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Cook: Klamath decision can’t be ’made lightly’
February 21, 2008

Siskiyou Daily News

SISKIYOU COUNTY - The Siskiyou County Board of Supervisors held the afternoon session of their regular meeting yesterday at the Yreka Community Theater.

The larger venue was chosen to allow maximum public attendance, as the board examined issues surrounding the proposed Klamath River Basin Restoration Agreement and dam relicensing.


A few hundred people filled the theater, and many of them addressed their views to the supervisors.

Much of the public comment against the agreement concerned possible dam removal. The proposed agreement is predicated on the decommissioning of four PacifiCorp dams on the lower Klamath River - Iron Gate, J.C. Boyle, Copco 1 and Copco 2.

’This hearing will be one of a few,’ board chairman Bill Overman told the audience.


He stressed that the supervisors viewed this meeting, and future ones like it, as ’the gathering and sharing of information.’

The supervisors’ decision to accept or deny the agreement, he said, will be made at a future date.

Those speaking were allowed three minutes to convey their views.


Supporters spoke first. Farmer Steve Kandra and Klamath Water Users Association member and Fish and Wildlife Service Refuge Manager Ron Cole were among them.

As a farmer, Kandra said, he feels that the agreement ’is good for farmers and all stakeholders involved.’

He added that he would have liked to see more farmers and other water users from the Shasta and Scott Valleys be ’more involved in the KRB restoration agreement.’


Cole told the supervisors that he likened the situation to being in a pickup truck heading for a cliff.

’Here we are in this pickup, heading for the edge,’ he said. ’The only thing that can save us is using the steering wheel to move us away from the cliff.’

That steering wheel, he said, is the KRB Restoration Agreement.


Jeff Mitchell, a Klamath Tribe council member, voiced his people’s support of the agreement.

He urged the supervisors to ’continue involving many people, all people, in the decision-making process,’ and said he hoped that ’ultimately the board will accept the agreement.’

Not all Native Americans attending the public meeting were in support of the agreement.


Shasta Nation Vice-Chairman Gary Lake told the supervisors that they should not compromise or negotiate ’any further’ with the agreement. He advised the supervisors to ’just say no to it.’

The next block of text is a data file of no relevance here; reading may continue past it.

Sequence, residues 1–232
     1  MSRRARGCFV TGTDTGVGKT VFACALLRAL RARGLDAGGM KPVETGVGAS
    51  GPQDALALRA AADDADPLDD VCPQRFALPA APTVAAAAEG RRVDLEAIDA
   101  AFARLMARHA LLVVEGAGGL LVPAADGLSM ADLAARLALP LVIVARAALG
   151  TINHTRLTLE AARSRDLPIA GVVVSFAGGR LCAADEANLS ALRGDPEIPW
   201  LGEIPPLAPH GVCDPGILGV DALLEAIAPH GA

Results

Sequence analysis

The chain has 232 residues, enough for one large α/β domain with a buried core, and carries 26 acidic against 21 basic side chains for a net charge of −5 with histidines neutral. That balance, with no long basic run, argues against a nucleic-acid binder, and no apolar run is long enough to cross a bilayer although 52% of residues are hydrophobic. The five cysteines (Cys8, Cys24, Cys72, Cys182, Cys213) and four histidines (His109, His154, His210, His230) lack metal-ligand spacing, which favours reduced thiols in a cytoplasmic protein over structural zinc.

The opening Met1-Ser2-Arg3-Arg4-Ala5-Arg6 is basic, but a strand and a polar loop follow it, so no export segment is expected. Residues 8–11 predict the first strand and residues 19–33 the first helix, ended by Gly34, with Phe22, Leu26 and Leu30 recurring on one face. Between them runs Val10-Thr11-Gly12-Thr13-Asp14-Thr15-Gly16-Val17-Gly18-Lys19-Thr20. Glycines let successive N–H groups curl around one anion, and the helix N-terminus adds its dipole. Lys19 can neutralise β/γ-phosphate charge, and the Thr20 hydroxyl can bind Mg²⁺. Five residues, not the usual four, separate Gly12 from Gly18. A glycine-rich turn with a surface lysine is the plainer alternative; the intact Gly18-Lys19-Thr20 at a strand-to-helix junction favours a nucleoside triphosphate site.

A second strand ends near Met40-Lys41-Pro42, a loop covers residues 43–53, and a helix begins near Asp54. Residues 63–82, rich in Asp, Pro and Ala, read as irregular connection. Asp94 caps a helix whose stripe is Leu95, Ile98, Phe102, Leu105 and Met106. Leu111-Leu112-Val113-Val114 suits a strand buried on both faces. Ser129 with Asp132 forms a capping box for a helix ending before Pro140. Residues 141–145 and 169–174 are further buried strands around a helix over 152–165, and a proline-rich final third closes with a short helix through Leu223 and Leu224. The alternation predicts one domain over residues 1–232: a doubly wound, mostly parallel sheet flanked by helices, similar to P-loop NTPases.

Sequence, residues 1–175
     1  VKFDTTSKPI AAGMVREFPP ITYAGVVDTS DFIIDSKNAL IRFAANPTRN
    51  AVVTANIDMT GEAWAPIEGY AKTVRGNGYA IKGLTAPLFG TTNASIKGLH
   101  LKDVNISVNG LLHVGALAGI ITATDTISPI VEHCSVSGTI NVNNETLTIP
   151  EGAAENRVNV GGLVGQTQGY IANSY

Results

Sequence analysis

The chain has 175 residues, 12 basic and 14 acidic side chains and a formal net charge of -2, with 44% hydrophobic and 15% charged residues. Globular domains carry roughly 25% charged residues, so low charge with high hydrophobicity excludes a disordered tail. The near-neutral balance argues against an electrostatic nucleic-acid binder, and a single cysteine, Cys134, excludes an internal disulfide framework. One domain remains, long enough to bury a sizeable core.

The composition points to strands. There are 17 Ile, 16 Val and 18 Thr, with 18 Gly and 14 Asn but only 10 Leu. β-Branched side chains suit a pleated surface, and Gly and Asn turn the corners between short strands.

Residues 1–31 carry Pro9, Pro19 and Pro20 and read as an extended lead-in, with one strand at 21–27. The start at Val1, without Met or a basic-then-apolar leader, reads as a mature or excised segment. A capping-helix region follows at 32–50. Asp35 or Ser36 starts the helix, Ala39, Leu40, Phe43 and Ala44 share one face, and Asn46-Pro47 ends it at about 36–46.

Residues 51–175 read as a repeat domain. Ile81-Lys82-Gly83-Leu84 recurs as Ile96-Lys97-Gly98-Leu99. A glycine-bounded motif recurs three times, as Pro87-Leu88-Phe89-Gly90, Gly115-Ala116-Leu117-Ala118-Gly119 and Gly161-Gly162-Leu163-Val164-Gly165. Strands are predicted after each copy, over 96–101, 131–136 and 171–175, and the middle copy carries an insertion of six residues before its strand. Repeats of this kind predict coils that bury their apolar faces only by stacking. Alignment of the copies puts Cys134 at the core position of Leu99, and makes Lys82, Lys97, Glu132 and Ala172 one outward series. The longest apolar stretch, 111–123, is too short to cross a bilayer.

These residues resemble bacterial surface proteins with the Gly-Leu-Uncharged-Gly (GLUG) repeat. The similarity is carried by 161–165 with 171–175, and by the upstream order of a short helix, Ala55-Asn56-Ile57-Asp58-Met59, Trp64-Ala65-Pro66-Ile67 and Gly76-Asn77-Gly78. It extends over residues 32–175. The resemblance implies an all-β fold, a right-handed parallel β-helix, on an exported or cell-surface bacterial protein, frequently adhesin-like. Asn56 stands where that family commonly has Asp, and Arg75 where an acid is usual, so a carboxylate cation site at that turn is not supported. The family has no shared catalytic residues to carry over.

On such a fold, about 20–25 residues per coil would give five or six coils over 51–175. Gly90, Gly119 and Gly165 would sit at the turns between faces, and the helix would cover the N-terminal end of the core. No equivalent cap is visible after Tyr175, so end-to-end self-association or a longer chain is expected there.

’I’ve never heard of or seen an Indian dying from blue-green algae,’ he said at the end of his three-minutes.

Leo Bergeron, of the Upper Mid-Klamath Watershed Council, said that his group opposes the agreement as well. He said that ’there is no real science’ supporting claims that the dams have damaged the river’s ecosystem.


’There’s more evidence supporting the dams’ benefits than supposed harm,’ he said. ’The dams shouldn’t be removed and the board should reject the agreement.’

Seiad Valley fire chief Tom Mopas said that his community’s survival depends on the dams.

’Even with the dams in place,’ he said, ’we’re hit with flooding and can be cut off from the rest of the world.’


He added that if the dams were not in place, it would be worse for his small community and fellow citizens.

’Everything would be wiped out,’ Mopas said. ’Is it a good idea to follow the agreement and, possibly, let the dams be removed? No.’

By the time Overman called the meeting to an end, more than 40 men and women had spoken out, the majority wanting the supervisors to reject the agreement and keep the dams in place. The next meeting is scheduled for March 18, to be held at the YCT building at 6 p.m.


Supervisor Jim Cook acknowledged that more meetings need to be held.

He said that both sides said things that he feels ’really need to be checked out.’

’Before we (the board of supervisors) make any decision, this issue has to be studied closely,’ he said. ’We have to consider everything both sides present. This decision isn’t one that can be made lightly.’




              Page Updated: Thursday May 07, 2009 09:15 AM  Pacific

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